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For the program given below, why does the first printf print different values for argv and &argv? The second printf prints the same value for a and &a. What is the mechanism by which argument variables passed to the program are stored?

#include<stdio.h>
    int main(int argc, char * argv[]){
    char * a[10];  
    printf("%d %d\n\n",argv,&argv);
    printf("%d %d",a,&a);  
    return 0;  
}

What is the mechanism of storing command line arguments to an array of strings

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1  
printf("%d %d",a,&a); here &a and a will point to the same address...so you dont need to print them both. and use %p instead of %d to print the address. –  sunny1304 Aug 21 '13 at 7:23
    
I think thats because argv pointer is initialized but your a pointer is not so it got the same adress –  Saxtheowl Aug 21 '13 at 7:23

2 Answers 2

up vote 5 down vote accepted

The problem is not about argv is special, but about function argument passing. Try this program:

#include<stdio.h>

void foo(int a[])
{
    int b[10];
    printf("foo :%p %p\n",a,&a);
    printf("foo :%p %p\n",b,&b);
}

int main(int argc, char* argv[])
{
    int a[10];
    printf("main:%p %p\n", a, &a);
    foo(a);
    return 0;
}

The output in my machine:

main:0x7fffb4ded680 0x7fffb4ded680
foo :0x7fffb4ded680 0x7fffb4ded628
foo :0x7fffb4ded630 0x7fffb4ded630

The first and third line is not surprising since for an array arr, arr and &arr have the same value. The second line needs to be explained.

As you can see, when a is passed in the function foo, the value of a is not changed, but the address &a is changed since C functions always pass arguments by value, there will be a local copy of the argument inside the function.

It's the same with argv since it's just an argument in the function main.


EDIT: For those who disagrees with me, my answer is not against the other answer. On the contrary, they complete each other. argv is a pointer exactly because it's an array that's passed as function argument, and it "decayed" into a pointer. Again, argv is not special, it acts no different than other arrays that are passed as function argument, that's the whole point of my example code.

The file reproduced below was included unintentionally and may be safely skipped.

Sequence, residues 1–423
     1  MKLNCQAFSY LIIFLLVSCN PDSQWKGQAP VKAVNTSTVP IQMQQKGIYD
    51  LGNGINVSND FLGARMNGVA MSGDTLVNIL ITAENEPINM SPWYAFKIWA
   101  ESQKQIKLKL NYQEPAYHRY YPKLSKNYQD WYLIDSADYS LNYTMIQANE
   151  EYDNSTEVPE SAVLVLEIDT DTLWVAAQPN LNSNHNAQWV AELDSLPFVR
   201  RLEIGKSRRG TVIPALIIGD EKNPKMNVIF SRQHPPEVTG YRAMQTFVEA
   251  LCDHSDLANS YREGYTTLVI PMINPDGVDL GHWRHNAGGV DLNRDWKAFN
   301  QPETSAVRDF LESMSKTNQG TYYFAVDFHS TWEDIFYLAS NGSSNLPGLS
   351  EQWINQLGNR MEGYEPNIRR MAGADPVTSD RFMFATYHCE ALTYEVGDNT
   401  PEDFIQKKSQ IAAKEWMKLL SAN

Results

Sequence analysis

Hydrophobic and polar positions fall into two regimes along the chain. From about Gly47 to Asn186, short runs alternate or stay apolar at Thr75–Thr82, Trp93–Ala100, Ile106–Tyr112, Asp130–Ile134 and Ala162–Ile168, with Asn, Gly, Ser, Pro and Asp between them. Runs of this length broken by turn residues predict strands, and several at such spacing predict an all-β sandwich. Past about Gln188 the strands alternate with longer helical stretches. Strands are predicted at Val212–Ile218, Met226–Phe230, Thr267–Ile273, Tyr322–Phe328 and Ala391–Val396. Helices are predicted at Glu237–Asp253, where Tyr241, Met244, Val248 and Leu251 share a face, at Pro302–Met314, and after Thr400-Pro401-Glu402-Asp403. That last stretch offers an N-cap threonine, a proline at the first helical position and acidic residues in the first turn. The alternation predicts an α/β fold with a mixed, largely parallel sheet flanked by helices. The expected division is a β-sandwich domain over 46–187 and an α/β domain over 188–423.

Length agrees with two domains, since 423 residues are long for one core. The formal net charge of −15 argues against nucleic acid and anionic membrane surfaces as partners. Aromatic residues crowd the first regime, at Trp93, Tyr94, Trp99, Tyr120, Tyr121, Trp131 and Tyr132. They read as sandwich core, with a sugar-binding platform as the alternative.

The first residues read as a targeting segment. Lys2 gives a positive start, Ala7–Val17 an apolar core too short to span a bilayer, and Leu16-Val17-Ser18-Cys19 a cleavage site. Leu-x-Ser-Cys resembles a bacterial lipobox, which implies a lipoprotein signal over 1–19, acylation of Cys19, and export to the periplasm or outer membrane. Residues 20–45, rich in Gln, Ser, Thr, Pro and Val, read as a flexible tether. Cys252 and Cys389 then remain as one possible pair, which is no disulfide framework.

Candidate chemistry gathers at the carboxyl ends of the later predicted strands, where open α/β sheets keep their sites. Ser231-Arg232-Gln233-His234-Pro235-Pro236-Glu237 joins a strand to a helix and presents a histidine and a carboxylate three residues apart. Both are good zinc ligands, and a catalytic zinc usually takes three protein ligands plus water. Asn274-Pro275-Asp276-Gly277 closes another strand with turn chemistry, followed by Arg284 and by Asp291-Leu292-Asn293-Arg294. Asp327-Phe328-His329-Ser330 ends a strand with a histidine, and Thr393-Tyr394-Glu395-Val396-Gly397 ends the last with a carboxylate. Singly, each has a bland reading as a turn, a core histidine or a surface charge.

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Nice example code! I just think the argv in main has some special place before I see your answer! –  Lidong Guo Aug 21 '13 at 7:56
    
This is not really the answer. For any variable a of array type, &a and a as pointers will always have the same address. This is a result of how array types in C work. The difference is that argv is not of array type. –  newacct Aug 22 '13 at 11:05
    
@newacct Then why is argv a pointer? Exactly because it's passed as function argument, and "decayed" into a pointer. –  Yu Hao Aug 22 '13 at 11:08

The difference between argv and a in your example follows from paragraph 6.7.6.3 ad 7 of the C-standard:

A declaration of a parameter as ‘‘array of type’’ shall be adjusted to ‘‘qualified pointer to type’’, where the type qualifiers (if any) are those specified within the [ and ] of the array type derivation. If the keyword static also appears within the [ and ] of the array type derivation, then for each call to the function, the value of the corresponding actual argument shall provide access to the first element of an array with at least as many elements as specified by the size expression.

As a consequence argv is a pointer which has its own address, whereas a is an array and a points to the address of the first element of the array, which is the same as the address of the array.

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+1 this is the real answer –  newacct Aug 22 '13 at 11:05

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